There’s Hope in Mercy

There’s Hope in Mercy

If you were to look up the subject of torture, you may come across the works of the Assyrians. One Historian wrote the following about their ancient torture methods.

In the ancient Far East, where there were large states peopled by many different ethnicities, leaders demonstrated their might by inventing ingenious new tortures and agonizing methods of execution — as a way to keep the population obedient. But the Assyrians seem to have been the masters of brutality. They were also extremely verbose about the grisly ends they wreaked upon their enemies. (Schulz, M. (2009, May 15).

Some of their torturous ways included but were not limited to: Cutting the skins of their enemies into strips and pealing it from their bodies while they were still alive. Impaling people on stakes and leaving them to suffer a slow and painful death. Burning babies and children of their captives alive. We have seen many atrocious things committed by mankind over the years yet, I do not believe that we have witnessed anything as gruesome as the Assyrian torture tactics.

Engage in another search, this time focus on a place that was infamous for debauchery and immorality. Sodom and Gomorrah should rise to the top of that search with ease. The names of these two cities are synonymous with profligacy and homosexuality. The debauch state of the individuals residing in these cities is highlighted in the account of its destruction. 

The Lord sent two angels to rescue Lot from Sodom’s impending destruction and when they came to the city the following is recorded. Now the two angels came to Sodom in the evening, and Lot was sitting in the gate of Sodom. When Lot saw them, he rose to meet them, and he bowed himself with his face toward the ground. And he said, “Here now, my lords, please turn in to your servant’s house and spend the night, and wash your feet; then you may rise early and go on your way.” And they said, “No, but we will spend the night in the open square.” But he insisted strongly; so they turned in to him and entered his house. Then he made them a feast, and baked unleavened bread, and they ate. Now before they lay down, the men of the city, the men of Sodom, both old and young, all the people from every quarter, surrounded the house. And they called to Lot and said to him, “Where are the men who came to you tonight? Bring them out to us that we may know them” Genesis 19:1-5. All the men of the city came out in an attempt to sexually assault Lot’s guests. Even being struck blind did not deter them from trying to accomplish their malicious purpose (Genesis 19:11). Now, what does the reader suppose God’s response was to these people? Moreover, what would your rejoinder be to these individuals like the Assyrians and Sodomites?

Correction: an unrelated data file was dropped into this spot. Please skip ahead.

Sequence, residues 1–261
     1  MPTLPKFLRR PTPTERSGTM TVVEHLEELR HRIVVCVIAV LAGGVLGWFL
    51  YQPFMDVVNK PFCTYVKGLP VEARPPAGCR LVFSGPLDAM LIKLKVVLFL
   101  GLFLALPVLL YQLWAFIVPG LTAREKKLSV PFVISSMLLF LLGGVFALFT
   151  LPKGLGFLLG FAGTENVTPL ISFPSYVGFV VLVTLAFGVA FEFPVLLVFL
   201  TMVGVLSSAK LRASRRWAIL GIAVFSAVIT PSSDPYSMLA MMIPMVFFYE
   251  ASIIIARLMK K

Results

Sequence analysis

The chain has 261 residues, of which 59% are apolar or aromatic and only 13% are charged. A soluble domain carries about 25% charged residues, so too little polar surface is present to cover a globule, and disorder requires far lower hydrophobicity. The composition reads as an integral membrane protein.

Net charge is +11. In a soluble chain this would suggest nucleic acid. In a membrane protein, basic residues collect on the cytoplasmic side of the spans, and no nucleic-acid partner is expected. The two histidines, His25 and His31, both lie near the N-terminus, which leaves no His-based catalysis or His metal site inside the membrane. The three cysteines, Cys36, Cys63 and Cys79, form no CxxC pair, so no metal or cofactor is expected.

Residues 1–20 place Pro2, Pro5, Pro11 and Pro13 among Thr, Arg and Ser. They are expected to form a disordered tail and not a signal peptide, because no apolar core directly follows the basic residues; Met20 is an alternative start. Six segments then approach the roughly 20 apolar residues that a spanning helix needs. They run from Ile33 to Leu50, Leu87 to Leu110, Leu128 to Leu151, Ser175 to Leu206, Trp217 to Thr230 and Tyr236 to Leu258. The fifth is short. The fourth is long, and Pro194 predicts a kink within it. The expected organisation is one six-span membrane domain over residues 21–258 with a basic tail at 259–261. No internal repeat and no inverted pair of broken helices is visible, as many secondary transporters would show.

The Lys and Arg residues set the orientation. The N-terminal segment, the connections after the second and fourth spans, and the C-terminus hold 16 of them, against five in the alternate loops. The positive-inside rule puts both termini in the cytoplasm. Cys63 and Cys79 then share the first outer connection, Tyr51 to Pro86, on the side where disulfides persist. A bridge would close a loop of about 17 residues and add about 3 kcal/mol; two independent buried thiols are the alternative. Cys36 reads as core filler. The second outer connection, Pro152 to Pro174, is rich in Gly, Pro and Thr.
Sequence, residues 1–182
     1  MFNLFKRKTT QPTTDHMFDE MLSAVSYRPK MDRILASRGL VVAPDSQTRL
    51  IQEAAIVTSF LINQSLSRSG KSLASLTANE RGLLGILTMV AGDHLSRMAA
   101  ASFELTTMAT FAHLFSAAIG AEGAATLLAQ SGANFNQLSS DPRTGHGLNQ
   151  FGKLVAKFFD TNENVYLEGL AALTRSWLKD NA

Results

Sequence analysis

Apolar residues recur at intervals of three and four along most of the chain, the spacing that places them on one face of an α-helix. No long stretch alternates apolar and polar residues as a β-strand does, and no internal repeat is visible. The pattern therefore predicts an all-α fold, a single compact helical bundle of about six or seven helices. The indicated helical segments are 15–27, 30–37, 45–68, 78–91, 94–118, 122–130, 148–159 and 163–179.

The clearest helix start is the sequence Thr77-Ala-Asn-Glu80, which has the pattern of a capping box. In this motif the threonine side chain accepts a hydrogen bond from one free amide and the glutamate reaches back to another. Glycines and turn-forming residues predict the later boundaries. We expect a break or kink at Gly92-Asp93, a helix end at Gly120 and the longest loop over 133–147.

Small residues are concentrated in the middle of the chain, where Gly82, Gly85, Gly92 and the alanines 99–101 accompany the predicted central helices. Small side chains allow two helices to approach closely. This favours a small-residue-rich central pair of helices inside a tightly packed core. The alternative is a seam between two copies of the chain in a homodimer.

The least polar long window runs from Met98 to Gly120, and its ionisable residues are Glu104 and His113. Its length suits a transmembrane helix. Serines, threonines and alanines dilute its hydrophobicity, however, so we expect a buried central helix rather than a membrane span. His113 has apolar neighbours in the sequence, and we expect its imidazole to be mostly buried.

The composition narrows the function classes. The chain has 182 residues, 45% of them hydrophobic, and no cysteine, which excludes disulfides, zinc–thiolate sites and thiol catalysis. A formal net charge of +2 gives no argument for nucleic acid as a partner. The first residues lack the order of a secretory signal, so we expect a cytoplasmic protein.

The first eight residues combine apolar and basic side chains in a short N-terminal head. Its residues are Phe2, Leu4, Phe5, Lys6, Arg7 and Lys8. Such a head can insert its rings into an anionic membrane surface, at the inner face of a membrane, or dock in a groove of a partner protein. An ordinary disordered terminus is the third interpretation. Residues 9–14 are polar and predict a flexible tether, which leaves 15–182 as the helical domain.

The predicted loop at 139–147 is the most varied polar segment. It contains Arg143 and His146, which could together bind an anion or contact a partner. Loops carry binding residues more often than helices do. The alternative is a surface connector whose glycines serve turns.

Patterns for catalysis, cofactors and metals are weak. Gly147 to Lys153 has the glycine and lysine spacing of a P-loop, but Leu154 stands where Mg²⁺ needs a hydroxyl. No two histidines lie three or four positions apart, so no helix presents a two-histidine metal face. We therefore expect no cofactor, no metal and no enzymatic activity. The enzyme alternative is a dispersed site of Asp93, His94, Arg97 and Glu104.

To the Assyrians, God sent a prophet. Wicked and torturous as they were, God desired the Assyrian’s salvation. Subsequently, He sent Jonah to preach a message of repentance (Jonah 1:1-2). At first, Jonah was unwilling to deliver this message, sighting his knowledge of God’s mercy as the primary reason for his refusal (Jonah 4:2). The Lord answered Jonah’s grievances in the following way. And should I not pity Nineveh, that great city, in which are more than one hundred and twenty thousand persons who cannot discern between their right hand and their left–and much livestockJonah 4:11. Wicked as they were, the Lord considered how great the city was, its physical structure, the resources in that city, and the innocent who resided there.

With Sodom and Gomorrah, God listened to a patriarch. Upon hearing of Sodom’s impending doom, the patriarch Abraham interceded for the righteous in that city. Abraham engaged in a conversation with the Lord wanting to know the sum of righteous people required to save it. (Genesis 18:23-32). Abraham’s tally of the righteous kept decreasing but the Lord’s response was consistent, I will not destroy it for the sake of tenGenesis 18:32. God was willing to spare the wretched Sodom, Gomorrah and surrounding cities  if there were righteous people present.

 Our country has certainly seen its fair share of immorality and wickedness. Innocent ones are brutally murdered in the womb. Some are vehemently fighting to protect their right” to murder per Roe v. Wade. Just like Sodom, we too are a society that has made homosexual abominations acceptable. Men with men and women with women doing that which is unnatural and shameful (Romans 1:27). Even as I write this, lawlessness and a blatant disregard for humanity seem to be commonplace in our nation. Is there any hope for this country? If we go by the principles of God’s character, the answer is a resounding yes. To our nation, God has sent proclaimers with a message of repentance in hope of salvation and transformation (Cf. Matthew 28:18-20, Acts 2:38, Romans 12:1-2). Furthermore, in our nation, there are more than ten righteous individuals. If God was willing to be merciful to Sodom would his mercy not extend to us as well? Before we give up on the salvation of this nation before we embody the spirit of Jonah may we remember that God’s view of the wicked has not changed. Do I have any pleasure at all that the wicked should die?” says the Lord GOD, “and not that he should turn from his ways and liveEzekiel 18:23? Let us work in conjunction with the sentiments of God and remember there is always hope in mercy.

Works Cited

Schulz, M. (2009, May 15). The Worst Ways to Die: Torture Practices of the Ancient World – SPIEGEL ONLINE – International. Retrieved October 10, 2018, from